by ehistoryadmin on October 2, 2014

Christmas tree a novelty for Monasterevin school children

By Liam Kenny

The Christmas season is a time for celebrations of all kinds – office nights out, childrens’ parties, residents’ association dances, and annual balls and prizegivings. Christmas in Kildare a century ago featured a diverse and dynamic array of entertainments which were fully reported in the columns of the Kildare Observer.

One of the most eye-catching events was a Christmas tree party for some schoolchildren in Monasterevin. What makes the event interesting is that it hints at how novel the idea of a Christmas tree was in 1913; the decorated tree was a relatively new part of the Christmas panoply having been introduced into Victorian Britain just a few years previously.

The Kildare Observer report portrayed vividly the novelty value of the Christmas trees erected at a party in Monasterevin: “A splendid Xmas tree party was given to the children and parents of the No 2 National School Monasterevin by the Earl and Countess of Drogheda who lived in Moore Abbey.” The report continued by saying how the guests numbering over 100, arrived at 3.30pm, and were conducted to the upper schoolroom where a sumptuous feast was awaiting them. A number of the ladies and gentlemen of the parish of St John’s assisted at the several tables, which were groaning under the weight of the many and choice things provided to suit the tastes of the little ones, and saw to to it that all were looked after and that none were neglected.

When the good things provided had been ample justice to, the guests were escorted to the lower schoolroom where, on entering, the a splendid sight greeted everyone’s gaze. Here at the upper end of the spacious room were three beautiful Xmas trees of beautiful proportion brilliantly lighted with many and varied coloured candles, and weighted down with innumerable Christmas gifts of every conceivable description.

The Reverend George F. Graham, rector of St. John’s, addressing those present said they should all be be deeply grateful to the Earl and Countess of Drogheda for providing them with such a splendid treat (calls of “hear, hear” and cheers rang out for the Droghedas). The rector added that it was his pleasant duty to announce that prizes would be given to the children who gave the best attendance at Sunday school, choir practice and regular school attendance. He was glad a goodly number had won those prizes but even with these good results he hoped for better things in the following year, and that there would be more children who would obtain first prizes (more cheers).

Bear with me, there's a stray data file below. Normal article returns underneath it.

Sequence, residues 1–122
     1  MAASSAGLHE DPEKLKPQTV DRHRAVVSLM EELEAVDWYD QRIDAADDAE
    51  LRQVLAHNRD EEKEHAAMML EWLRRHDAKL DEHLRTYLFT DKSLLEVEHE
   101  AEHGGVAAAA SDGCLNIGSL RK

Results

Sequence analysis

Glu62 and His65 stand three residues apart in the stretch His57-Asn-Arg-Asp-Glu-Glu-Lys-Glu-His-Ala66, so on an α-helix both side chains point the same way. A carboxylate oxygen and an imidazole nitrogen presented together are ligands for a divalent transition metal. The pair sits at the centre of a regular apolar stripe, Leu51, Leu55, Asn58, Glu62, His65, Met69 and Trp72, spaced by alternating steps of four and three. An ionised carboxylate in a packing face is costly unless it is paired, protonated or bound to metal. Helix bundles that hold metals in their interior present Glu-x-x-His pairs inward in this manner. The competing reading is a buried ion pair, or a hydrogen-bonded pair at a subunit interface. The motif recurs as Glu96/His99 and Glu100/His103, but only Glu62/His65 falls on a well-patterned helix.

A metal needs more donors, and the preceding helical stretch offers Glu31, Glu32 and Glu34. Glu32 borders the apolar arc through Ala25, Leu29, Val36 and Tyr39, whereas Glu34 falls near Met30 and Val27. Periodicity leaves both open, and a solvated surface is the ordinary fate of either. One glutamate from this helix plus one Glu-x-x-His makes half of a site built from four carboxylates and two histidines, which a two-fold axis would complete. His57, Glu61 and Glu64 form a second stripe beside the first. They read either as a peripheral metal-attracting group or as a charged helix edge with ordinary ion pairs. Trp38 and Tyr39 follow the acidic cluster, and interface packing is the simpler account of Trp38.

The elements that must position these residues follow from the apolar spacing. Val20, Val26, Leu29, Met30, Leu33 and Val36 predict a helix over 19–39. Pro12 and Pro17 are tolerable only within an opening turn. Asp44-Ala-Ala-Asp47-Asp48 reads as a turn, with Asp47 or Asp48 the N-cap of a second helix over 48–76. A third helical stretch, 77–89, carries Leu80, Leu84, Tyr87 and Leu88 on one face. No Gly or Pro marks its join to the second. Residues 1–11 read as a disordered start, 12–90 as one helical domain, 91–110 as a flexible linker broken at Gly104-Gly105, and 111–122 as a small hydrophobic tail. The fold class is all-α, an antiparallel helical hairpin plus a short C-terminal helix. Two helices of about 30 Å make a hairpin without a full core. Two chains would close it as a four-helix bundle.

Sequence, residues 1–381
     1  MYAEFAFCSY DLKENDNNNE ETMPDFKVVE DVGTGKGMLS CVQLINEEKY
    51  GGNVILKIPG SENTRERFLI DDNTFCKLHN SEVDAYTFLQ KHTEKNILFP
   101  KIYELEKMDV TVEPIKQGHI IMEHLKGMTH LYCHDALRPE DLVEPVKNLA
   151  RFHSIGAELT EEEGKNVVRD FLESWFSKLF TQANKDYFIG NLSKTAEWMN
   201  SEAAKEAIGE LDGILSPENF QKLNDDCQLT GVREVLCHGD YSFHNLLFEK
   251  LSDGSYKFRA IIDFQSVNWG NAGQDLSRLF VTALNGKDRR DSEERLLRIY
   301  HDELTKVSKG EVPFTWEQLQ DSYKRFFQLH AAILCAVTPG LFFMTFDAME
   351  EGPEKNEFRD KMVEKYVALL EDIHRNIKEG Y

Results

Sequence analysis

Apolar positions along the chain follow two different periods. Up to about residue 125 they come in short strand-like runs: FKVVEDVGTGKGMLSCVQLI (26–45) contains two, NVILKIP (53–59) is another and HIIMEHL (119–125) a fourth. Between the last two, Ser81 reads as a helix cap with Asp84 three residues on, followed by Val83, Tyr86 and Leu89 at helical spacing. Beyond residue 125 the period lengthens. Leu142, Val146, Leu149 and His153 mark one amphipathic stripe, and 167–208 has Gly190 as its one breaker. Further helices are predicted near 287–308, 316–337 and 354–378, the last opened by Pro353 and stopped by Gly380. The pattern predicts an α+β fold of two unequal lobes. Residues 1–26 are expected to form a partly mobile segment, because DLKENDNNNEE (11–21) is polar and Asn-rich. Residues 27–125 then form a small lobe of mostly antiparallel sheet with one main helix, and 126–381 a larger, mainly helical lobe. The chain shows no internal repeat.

After the distribution of the prizes the gifts from the Christmas trees were distributed. Gifts had been provided for every person (young and old) so that no one was neglected in this respect. The rector’s wife, Mrs Graham, then distributed the prizes to the several boys and girls and gave a kindly word of encouragement and praise to each recipient. Amidst the most enthusiastic and genuine fun the stripping of the Christmas tree began, every person present receiving a valuable gift. Afterwards followed singing by the school children, a number of very beautiful songs being rendered in a charming manner and reflecting great credit on the children’s teachers – Mr and Miss Neeley. All sorts of games and amusements were indulged in by the youngsters, much to the apparent delight of the their parents. A special feature of the evening’s entertainment was a splendid recital of gramophone selections, kindly provided by Mr William Lawlor, senior, for the amusement of the children. After all the little ones had been supplied with fruit and other good things, the enjoyable proceedings were brought to a close with ringing and enthusiastic cheers for the Earl and Countess of Drogheda, Rev. and Mrs Graham, and Mr and Miss Neeley (teachers).

For an older age group the December 1913 social scene was also thriving in Naas. The principal of the Technical School – then located in the Water Tower on the Fair Green – Mr J R Halsall, organised what was described as a “Social”. The venue was the celebrated ballroom of Naas Town Hall and some 120 patrons attended. Among those who contributed to the vocal side of the programme were Messrs. D O’Farrell, J.R.White and R.W. Carter. Mr Halsall and the ladies committee were congratulated for the arrangements of the dance with the Misses O’Gorman, Gogarty and Corcoran being prominent in proceedings. A Mr Syme lent a Ritz pathophone for the occasion and it was a source of considerable pleasure. The music supplied by Messrs Boushell’s string band of five instruments was excellent.

Newbridge too had its share of seasonal diversions and an advertisement called attention to “the St Conleth’s Young Men’s Society Dance.” The notice went on to say that the Newbridge CYMS intended to give a dance at Sheridan’s Concert Hall and a very capable committee headed by Mr James Murphy, President and Mr P Walshe, Honorary Secretary, had charge of the arrangements. However just in case this array of seasonal celebrations led people to get carried away a meeting of the Kill Branch of the Temperance Society was certain to bring would-be revellers down to earth. The report of the meeting on 16 December 1913 was preceded by a weather report noting that although the day and evening were wet, yet the attendance was good. An impressive address on the subject of temperance was given by Rev. A.E.Gick, Rector of Ballycommon. This was followed by a musical programme hosted by Mr Blacker. Adding to the entertainment were Miss Blacker, Miss Vigors, Miss Ruth Adams with a gramophone, Mr Goodman, and the school children under training of Mrs Vigors.

Leinster Leader 10 December 2013, Looking Back, Series no: 361

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